ANC045: The Period of Warring States by Kassy Lee
What happens after a national crisis? / Nothing really, smog just / caresses the city. Leftover women, / growing numb as we suck on / a persimmon’s orange flesh.
Recording the political maneuvering and martial strategies leading to the unification of China, the Zhan Guo Ce documents the growing pains of a people coming together. As diplomacy and bloodshed consolidated minor kingdoms some twenty-five hundred years ago, feudalism slowly gave way to the centralized bureaucracy ultimately leading to China's prominence. Within the book's pages, alliances form and collapse, intense conflict ravages the masses, and an empire gradually emerges to one day become a global power.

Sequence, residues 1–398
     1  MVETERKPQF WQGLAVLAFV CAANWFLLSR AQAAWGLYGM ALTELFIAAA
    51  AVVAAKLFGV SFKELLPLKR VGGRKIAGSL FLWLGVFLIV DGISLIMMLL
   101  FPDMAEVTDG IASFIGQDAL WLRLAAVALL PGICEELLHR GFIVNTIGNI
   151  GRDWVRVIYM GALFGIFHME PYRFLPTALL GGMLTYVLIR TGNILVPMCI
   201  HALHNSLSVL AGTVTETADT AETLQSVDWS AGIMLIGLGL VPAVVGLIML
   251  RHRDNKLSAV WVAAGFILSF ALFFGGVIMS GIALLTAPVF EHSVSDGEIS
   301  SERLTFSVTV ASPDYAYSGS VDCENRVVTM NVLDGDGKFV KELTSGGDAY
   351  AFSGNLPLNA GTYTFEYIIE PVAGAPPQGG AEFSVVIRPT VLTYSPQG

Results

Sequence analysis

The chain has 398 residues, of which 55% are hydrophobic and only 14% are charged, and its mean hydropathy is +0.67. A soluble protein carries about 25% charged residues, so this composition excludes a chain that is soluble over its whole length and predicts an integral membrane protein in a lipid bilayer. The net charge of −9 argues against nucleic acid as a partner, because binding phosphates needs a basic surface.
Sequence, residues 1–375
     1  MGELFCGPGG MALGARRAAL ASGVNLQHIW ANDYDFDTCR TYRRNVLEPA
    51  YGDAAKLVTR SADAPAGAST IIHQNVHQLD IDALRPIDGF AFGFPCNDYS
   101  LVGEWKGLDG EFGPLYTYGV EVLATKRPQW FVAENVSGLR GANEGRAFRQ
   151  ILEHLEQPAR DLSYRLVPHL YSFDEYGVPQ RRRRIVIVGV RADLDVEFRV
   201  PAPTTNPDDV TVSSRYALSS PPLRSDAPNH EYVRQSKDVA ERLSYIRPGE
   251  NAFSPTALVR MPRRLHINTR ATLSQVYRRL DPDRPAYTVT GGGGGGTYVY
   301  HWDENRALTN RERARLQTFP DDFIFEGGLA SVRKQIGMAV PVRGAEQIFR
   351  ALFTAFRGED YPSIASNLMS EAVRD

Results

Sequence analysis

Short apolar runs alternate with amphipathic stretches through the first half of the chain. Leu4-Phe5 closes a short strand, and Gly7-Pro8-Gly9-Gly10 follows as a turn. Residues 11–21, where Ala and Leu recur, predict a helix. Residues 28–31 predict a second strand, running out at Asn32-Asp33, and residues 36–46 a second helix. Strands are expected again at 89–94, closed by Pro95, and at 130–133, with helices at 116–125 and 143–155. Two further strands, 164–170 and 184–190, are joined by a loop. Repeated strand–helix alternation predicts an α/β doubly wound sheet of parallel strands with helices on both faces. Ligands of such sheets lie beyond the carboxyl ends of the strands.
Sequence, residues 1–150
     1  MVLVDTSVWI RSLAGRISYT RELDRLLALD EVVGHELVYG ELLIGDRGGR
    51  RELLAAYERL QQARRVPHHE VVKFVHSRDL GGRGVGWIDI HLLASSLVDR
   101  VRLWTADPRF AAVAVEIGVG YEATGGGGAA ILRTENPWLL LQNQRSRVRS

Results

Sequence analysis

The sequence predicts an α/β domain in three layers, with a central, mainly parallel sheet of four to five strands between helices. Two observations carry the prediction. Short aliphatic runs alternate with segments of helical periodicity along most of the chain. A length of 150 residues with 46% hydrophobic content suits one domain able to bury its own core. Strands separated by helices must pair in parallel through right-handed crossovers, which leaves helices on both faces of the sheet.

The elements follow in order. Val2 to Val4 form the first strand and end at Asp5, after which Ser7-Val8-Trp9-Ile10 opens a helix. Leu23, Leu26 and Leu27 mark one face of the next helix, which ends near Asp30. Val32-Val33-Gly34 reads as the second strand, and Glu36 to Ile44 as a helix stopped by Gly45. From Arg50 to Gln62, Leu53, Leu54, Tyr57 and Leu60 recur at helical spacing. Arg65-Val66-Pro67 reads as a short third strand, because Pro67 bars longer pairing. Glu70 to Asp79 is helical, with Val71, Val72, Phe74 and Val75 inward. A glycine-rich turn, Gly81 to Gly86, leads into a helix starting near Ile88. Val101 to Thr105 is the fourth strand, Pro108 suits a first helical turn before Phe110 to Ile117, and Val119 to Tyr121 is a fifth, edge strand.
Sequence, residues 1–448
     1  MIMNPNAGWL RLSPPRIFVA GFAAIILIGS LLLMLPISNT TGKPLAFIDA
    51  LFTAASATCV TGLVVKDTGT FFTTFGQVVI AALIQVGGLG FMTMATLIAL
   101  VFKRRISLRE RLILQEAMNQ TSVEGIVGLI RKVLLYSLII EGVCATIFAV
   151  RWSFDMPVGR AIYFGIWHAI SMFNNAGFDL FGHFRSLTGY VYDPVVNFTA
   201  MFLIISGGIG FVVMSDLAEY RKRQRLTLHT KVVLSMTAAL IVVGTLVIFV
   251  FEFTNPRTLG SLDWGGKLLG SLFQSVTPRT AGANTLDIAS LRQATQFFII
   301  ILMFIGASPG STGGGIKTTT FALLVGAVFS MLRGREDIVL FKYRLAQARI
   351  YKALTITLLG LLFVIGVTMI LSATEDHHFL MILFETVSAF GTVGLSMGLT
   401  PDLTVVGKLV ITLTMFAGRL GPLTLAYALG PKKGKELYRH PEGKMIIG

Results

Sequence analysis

Kassy Lee's The Period of Warring States looks to this era as inspiration but flips its structure, imagining an America slowly eroding to independent states at war with one another. An expatriate aware of the turmoil back home, the narrator roves the streets of Beijing, attempting to make sense of her day-to-day life in what has become the leader of the "free" world. Taking after Octavia Butler's The Parable of the Sower, Lee touches upon themes of exile, gender, consumer capitalism, and Sino-American relations in elusive vignettes telling of a world in which "death happens only once, and then all is rewound."